$7 billion of Bank of America's settlement over faulty mortgage securities is designated for struggling homeowners and neighborhoods. CNBC's Diana Olick provides insight.» Read More
Despite attractive mortgage rates and easing home price gains, CNBC's Diana Olick reports wages are not keeping up with higher home prices.
Home sales are rising but still well below last year. The answer is simple: Too many people can't afford to buy homes.
Talks to resolve probes into shoddy mortgage securities sold by the bank remain at a standstill, according to sources.
Rates are not driving home sales. That's what the correlation between rate moves and mortgage applications suggests; they are not traveling in tandem.
According to Dow Jones, Citigroup and the U.S. government are nearing a multi-billion-dollar deal to resolve mortgage securities issues, with CNBC's Dominic Chu and Kate Kelly.
Student housing—millennial style—may be one of the best under-the-radar real estate plays of the decade.
SunTrust will pay as much as $320 million to resolve a criminal probe into its mortgage unit's mismanagement of a federal program.
Correction: No new developments in Citi/DOJ case an older story was repeated in error.
Mortgage applications barely budged last week, despite recent reports of a surge in home sales, data from the Mortgage Bankers Association (MBA) show.
The U.S. apartment vacancy rate was unchanged in the second quarter, while new construction rebounded as weather improved.
Signed contracts to buy existing homes surged 6.1 percent in May, the biggest monthly gain since April, 2010.
Britain's property market showed further signs of cooling as U.K. mortgage approvals for May fell to an 11-month low.
Land values in hot urban neighborhoods are only going up, and developers are buying the air rights to hundred year-old row houses. CNBC's Diana Olick has the details.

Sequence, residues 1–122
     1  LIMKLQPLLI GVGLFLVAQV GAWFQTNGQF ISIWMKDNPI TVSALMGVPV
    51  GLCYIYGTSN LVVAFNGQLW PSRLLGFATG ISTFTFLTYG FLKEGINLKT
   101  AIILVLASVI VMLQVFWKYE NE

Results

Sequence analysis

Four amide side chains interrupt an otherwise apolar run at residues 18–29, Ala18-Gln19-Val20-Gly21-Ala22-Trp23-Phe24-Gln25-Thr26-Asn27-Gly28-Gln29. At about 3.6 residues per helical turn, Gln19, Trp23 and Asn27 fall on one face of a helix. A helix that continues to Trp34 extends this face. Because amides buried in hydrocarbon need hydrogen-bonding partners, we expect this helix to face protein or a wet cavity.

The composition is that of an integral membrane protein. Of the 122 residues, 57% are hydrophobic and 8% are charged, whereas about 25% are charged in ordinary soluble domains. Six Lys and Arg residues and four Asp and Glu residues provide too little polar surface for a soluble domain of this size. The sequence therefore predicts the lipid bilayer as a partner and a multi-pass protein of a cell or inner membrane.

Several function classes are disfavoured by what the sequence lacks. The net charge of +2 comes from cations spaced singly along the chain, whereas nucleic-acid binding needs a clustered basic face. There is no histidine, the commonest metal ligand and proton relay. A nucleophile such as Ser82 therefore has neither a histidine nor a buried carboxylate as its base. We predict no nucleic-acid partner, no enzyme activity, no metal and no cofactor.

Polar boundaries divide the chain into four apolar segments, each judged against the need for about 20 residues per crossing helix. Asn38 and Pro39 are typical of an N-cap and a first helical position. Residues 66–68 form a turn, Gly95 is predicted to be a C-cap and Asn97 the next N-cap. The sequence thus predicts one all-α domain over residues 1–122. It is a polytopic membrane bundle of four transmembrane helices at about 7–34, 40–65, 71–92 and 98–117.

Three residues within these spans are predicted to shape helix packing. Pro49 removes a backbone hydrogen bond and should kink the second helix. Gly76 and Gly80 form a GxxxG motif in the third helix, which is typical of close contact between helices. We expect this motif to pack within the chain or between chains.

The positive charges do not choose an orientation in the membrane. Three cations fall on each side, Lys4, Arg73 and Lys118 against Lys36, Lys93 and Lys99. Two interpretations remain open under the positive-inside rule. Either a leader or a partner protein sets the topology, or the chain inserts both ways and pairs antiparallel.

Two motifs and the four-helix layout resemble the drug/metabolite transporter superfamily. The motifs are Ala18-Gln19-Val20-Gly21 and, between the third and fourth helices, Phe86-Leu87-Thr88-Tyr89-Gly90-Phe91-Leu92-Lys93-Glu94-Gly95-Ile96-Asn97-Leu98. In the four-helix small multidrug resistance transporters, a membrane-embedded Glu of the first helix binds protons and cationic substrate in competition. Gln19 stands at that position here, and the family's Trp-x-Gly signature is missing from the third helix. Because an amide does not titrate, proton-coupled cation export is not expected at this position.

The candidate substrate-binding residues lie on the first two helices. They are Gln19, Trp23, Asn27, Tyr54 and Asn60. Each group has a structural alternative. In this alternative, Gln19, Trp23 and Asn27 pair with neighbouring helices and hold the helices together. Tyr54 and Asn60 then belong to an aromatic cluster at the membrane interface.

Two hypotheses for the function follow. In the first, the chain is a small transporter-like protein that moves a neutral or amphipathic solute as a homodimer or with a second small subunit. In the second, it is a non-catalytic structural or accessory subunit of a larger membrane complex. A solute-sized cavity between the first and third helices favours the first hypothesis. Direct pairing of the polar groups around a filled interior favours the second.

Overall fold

CNBC's Diana Olick says affordability is key to the housing industry in the second half of 2014.
Profit hungry developers are taking advantage of limited space in cities by building controversial, skinny and tall "pop-up" rowhomes.
Having a baby has always been a driver of homeownership, but with higher home prices, many young parents can't afford a suburban home.
After a dive in volume two weeks ago, applications for mortgage refinances and home purchase loans were little changed last week, data show.
Home sales are returning close to pre-winter numbers, but nowhere near where they should be for a full recovery, says market analyst Peter Boockvar.
CNBC's Rick Santelli speaks to Mark Hanson, M Hanson Advisors housing & mortgage strategist, about today's new home sales data and the destruction of housing demand.
Robert Shiller, Case-Shiller Index co-founder and Yale University professor of economics, discusses the latest housing data and home prices. Shiller says the market is going up faster than people perceive it and expectations are not very high for home price increases.
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